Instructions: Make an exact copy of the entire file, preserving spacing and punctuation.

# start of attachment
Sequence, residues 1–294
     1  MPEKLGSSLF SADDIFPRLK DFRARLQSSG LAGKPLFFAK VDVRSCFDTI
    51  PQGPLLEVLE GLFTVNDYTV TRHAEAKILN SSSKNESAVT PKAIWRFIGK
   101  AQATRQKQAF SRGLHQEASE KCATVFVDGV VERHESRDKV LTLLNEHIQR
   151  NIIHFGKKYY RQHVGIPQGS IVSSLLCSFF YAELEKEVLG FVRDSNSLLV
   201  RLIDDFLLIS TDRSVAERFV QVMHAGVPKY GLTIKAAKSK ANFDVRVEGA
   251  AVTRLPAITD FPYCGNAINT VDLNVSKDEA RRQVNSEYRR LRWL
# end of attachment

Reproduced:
Sequence, residues 1–294
     1  MPEKLGSSLF SADDIFPRLK DFRARLQSSG LAGKPLFFAK VDVRSCFDTI
    51  PQGPLLEVLE GLFTVNDYTV TRHAEAKILN SSSKNESAVT PKAIWRFIGK
   101  AQATRQKQAF SRGLHQEASE KCATVFVDGV VERHESRDKV LTLLNEHIQR
   151  NIIHFGKKYY RQHVGIPQGS IVSSLLCSFF YAELEKEVLG FVRDSNSLLV
   201  RLIDDFLLIS TDRSVAERFV QVMHAGVPKY GLTIKAAKSK ANFDVRVEGA
   251  AVTRLPAITD FPYCGNAINT VDLNVSKDEA RRQVNSEYRR LRWL